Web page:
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A Project Paper Submitted to the College of

Graduate Studies and Research

in Partial Fulfillment of the Requirements

for the Degree of Master of Arts

in the Department of English

University of Saskatchewan



Jason W. Breiter

© Copyright Jason W. Breiter, August 2010. All rights reserved.


In presenting this thesis/dissertation in partial fulfillment of the requirements for a Postgraduate degree from the University of Saskatchewan, I agree that the Libraries of this University may make it freely available for inspection. I further agree that permission for copying of this thesis/dissertation in any manner, in whole or in part, for scholarly purposes may be granted by the professor or professors who supervised my thesis/dissertation work or, in their absence, by the Head of the Department or the Dean of the College in which my thesis work was done. It is understood that any copying or publication or use of this thesis/dissertation or parts thereof for financial gain shall not be allowed without my written permission. It is also understood that due recognition shall be given to me and to the University of Saskatchewan in any scholarly use which may be made of any material in my thesis/dissertation.


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Suniti Namjoshi’s short work “St. Suniti and the Dragon,” found in the author’s fabulist collection of the same name, is a formally amorphous text that alternates among allusion and alteration of Western canonical myth. The story, in which the journey of the aspiring hero St.

Suniti is detailed, alludes primarily to and the legend of “St. George and the Dragon” in a manner similar to, but expansive upon, the feminist revisionist project of the last few decades.

While Namjoshi navigates feminist politics, she also examines the postmodern impulse to consider identity as subjective experience. In so doing, she deconstructs notions of canonical character archetypes while suggesting that identity politics must involve a multiplicity of archetypes – that is, the self is seldom archetypal in the singular, but rather an amorphous and discontinuous series of mythic archetypes. Thus, the form of Namjoshi’s text – generically ambiguous and varied – mimics the author’s suggestion for the composition of identity. The result is a story that transgresses prescribed social conventions and archetypes while simultaneously invoking their mythic sources as means of argumentation.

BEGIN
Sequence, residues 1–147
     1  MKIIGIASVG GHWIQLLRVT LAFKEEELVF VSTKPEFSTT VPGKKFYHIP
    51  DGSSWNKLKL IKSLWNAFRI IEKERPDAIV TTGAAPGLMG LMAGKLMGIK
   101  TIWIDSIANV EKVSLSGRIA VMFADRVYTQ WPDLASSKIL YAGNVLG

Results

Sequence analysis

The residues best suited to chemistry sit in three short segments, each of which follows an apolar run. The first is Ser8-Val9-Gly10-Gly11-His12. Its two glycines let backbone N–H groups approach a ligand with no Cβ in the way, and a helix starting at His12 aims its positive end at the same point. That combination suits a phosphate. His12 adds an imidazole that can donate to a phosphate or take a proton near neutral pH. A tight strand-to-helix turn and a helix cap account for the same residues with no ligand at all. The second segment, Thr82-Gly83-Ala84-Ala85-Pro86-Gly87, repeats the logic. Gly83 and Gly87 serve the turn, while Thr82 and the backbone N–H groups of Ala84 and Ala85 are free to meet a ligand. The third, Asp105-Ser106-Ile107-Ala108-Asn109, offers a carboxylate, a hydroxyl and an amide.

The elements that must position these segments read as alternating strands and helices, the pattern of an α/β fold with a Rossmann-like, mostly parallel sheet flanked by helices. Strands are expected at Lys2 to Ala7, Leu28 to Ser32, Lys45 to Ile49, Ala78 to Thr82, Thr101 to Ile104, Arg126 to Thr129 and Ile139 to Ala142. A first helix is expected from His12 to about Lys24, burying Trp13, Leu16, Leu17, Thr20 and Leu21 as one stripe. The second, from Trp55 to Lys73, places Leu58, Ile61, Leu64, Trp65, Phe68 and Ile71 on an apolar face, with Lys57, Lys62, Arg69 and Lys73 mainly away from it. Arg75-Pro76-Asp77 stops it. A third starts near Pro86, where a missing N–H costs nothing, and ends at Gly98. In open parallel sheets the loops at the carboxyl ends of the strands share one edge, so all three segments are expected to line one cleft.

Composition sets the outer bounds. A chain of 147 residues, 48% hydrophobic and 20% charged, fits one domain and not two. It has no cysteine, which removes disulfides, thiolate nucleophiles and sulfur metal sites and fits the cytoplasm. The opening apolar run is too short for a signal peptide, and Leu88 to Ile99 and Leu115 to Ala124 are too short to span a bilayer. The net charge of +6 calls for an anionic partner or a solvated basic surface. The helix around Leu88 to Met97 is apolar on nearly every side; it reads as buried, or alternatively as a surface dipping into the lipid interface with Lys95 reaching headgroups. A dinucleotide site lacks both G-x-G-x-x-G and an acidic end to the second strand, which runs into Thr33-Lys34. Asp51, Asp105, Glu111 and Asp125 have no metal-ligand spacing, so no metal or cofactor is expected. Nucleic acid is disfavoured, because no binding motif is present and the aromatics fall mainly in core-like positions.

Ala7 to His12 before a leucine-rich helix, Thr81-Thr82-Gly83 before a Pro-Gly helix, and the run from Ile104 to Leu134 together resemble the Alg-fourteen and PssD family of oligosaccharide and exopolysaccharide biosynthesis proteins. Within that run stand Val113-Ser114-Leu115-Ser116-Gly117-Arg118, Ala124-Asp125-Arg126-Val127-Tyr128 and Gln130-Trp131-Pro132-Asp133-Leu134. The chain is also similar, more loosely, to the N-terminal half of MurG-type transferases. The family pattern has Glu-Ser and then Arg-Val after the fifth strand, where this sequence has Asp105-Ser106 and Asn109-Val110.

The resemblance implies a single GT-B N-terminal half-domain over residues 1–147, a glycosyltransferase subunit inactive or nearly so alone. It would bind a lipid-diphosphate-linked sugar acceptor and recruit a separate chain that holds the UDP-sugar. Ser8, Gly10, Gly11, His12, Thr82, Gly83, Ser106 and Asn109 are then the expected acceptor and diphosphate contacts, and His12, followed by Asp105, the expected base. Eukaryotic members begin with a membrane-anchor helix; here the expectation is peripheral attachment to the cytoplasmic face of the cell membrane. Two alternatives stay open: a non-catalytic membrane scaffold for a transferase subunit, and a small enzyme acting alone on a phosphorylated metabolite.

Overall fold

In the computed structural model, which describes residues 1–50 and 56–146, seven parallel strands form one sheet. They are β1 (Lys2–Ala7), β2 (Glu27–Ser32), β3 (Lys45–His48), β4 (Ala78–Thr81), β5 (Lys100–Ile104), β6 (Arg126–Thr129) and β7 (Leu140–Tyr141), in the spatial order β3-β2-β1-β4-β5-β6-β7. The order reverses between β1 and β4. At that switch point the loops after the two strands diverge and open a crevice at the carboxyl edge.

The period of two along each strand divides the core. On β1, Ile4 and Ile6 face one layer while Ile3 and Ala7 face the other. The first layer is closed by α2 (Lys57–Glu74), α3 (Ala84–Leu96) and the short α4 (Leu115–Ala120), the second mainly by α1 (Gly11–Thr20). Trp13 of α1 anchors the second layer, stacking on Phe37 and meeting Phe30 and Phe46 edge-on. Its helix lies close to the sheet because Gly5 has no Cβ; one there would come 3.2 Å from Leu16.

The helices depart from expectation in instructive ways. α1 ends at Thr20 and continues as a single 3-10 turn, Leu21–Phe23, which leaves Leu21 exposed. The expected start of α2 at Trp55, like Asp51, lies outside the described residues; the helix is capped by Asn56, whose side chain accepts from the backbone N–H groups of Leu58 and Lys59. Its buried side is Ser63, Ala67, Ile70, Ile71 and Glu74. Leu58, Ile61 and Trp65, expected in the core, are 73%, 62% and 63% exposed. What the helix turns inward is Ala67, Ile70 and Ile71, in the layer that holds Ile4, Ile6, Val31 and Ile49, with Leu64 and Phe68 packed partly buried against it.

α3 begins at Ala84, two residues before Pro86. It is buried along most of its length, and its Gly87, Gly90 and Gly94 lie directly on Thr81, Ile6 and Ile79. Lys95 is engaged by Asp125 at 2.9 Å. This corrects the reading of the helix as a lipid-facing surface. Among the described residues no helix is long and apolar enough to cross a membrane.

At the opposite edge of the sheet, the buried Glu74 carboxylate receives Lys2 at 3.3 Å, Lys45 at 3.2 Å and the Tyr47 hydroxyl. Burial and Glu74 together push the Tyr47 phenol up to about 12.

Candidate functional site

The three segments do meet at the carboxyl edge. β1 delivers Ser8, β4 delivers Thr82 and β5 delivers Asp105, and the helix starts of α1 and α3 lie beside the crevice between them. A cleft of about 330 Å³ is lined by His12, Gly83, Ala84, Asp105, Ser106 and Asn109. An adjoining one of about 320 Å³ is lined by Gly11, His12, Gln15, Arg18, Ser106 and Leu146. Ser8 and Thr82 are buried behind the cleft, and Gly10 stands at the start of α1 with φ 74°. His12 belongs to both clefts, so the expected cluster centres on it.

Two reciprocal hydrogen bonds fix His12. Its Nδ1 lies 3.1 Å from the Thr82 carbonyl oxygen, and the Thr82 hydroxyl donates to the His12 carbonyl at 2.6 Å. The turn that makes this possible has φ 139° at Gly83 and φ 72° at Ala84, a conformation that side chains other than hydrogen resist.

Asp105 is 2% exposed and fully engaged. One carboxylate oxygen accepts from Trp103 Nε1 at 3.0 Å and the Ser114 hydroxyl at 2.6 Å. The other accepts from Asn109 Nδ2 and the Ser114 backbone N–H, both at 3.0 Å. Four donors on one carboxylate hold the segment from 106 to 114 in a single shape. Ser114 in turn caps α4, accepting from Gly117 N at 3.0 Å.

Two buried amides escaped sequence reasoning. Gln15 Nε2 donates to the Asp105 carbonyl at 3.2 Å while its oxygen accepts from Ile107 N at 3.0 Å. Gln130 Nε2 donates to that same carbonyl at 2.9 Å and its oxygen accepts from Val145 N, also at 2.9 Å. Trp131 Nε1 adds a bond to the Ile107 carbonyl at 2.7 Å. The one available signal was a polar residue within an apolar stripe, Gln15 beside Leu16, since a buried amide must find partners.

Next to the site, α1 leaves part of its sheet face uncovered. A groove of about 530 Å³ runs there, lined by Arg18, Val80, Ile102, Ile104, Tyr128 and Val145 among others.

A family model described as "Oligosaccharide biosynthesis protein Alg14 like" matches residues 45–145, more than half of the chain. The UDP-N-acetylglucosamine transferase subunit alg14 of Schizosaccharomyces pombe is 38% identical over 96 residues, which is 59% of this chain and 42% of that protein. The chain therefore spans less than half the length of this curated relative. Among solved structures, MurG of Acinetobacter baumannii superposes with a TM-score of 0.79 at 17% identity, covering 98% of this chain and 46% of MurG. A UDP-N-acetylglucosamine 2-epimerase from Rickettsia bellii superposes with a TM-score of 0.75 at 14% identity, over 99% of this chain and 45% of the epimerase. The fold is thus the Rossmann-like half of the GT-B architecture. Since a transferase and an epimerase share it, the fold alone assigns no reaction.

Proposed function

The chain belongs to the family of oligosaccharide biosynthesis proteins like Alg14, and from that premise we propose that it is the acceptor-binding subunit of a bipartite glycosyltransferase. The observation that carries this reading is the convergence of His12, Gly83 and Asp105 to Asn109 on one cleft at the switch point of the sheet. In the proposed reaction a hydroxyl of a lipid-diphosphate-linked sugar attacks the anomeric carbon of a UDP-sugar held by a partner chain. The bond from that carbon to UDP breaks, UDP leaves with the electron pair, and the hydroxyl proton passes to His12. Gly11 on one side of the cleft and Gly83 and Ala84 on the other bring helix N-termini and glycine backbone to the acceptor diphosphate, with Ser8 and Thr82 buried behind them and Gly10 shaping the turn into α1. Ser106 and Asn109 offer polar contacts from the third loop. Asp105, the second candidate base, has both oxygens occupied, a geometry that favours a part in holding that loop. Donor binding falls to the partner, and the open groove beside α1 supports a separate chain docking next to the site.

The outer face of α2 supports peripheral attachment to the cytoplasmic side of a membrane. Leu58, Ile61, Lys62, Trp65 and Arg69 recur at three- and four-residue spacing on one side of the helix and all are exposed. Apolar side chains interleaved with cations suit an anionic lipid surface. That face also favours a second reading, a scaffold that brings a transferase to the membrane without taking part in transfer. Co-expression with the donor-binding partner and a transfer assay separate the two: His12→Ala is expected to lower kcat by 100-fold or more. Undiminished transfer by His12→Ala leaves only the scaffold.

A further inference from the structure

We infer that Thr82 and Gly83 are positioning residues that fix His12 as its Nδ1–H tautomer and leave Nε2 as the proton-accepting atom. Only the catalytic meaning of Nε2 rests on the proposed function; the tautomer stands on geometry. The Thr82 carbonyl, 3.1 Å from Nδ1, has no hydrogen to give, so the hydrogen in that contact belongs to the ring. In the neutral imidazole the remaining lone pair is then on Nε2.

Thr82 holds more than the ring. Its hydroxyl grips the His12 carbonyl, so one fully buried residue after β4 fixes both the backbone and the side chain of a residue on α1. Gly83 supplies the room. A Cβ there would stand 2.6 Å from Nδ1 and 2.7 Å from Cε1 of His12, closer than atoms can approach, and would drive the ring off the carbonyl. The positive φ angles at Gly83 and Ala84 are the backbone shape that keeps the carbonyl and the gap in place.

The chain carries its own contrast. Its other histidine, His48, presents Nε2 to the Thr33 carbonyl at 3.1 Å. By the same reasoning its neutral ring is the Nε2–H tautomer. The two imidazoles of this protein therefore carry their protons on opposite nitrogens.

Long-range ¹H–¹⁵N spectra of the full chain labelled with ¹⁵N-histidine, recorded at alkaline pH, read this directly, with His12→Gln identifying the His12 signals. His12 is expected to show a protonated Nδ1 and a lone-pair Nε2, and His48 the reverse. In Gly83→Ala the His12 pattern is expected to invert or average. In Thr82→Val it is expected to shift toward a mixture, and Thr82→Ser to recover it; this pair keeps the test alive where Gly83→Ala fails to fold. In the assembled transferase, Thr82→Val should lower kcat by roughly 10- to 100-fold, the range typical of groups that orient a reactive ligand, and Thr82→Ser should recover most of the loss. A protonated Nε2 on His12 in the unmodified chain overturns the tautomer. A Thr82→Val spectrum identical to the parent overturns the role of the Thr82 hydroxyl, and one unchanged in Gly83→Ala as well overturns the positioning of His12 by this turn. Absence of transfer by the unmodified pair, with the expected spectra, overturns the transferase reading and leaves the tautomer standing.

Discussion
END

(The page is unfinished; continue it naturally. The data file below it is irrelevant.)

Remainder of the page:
I would like to acknowledge and thank Dr. Ann Martin for her guidance and sagacity in supervising my project paper. She has been an invaluable resource in its production, and I am deeply indebted to her for her suggestions and support. I would also like to thank Dr. Susan

Gingell, whose insightful comments and close work with my paper have shaped its final form.

Many thanks go to Dr. Lisa Vargo, Graduate Chair in the English Department at the University of Saskatchewan, for her procedural guidance and encouragement throughout the writing process. Thanks to the English Department, headed by Dr. Doug Thorpe, for their financial assistance through the Graduate Teaching Fellowship – their support made the production of this paper possible. I gratefully acknowledge the support of my family, particularly my parents

Wayne and Sharon, whose words of encouragement have been endless. Most importantly, I would like to thank my patient and loving wife Heather, to whom this paper is dedicated.

None of this would be possible without you.


Breiter 1

“Why all this mythicism?”: Transgression in St. Suniti and the Dragon

“Ideas about separating, purifying, demarcating and punishing transgressions have as their main function to impose system on an inherently untidy experience. It is only by exaggerating the difference between within and without, above and below, male and female, with and against, that a semblance of order is created.” (Mary Douglas, quoted in Gedalof 12)

“I will tell you what I think are the differences and similarities between mathematics and literature. In mathematics, you have a system and from those axioms everything else follows…. You cannot jump from one system to another. If you do that, you will get insane results; but in literature when you juxtapose the systems, you get your most witty and ironic effects…. The way I see it, what is really elegant in [my stories] is the juxtaposing of systems with their respective logic intact. It is in this way that the absurdity becomes clear.” (Suniti Namjoshi, quoted in Vevaina 197-8)

Suniti Namjoshi is, like her work, difficult to describe accurately with any brevity. Born into the

Indian aristocracy (Kafka 55), Namjoshi was a member of the Indian Civil Service before attending university in the United States and receiving a Master‟s degree from the University of

Missouri (Karpinski 227, Steinisch 265). She followed her education at Missouri by completing her Ph.D. at McGill (Montreal) and lecturing at the University of Toronto. Raised in the East and educated (thoroughly) in the West, Namjoshi put her vast cultural knowledge to work throughout the 1980s and into the new millennium with titles such as Feminist Fables (1981),

The Authentic Lie (1982), From the Bedside Book of Nightmares (1984), The Conversations of

Cow (1985), The Blue Donkey Fables (1988), Because of India (1989), The Mothers of Maya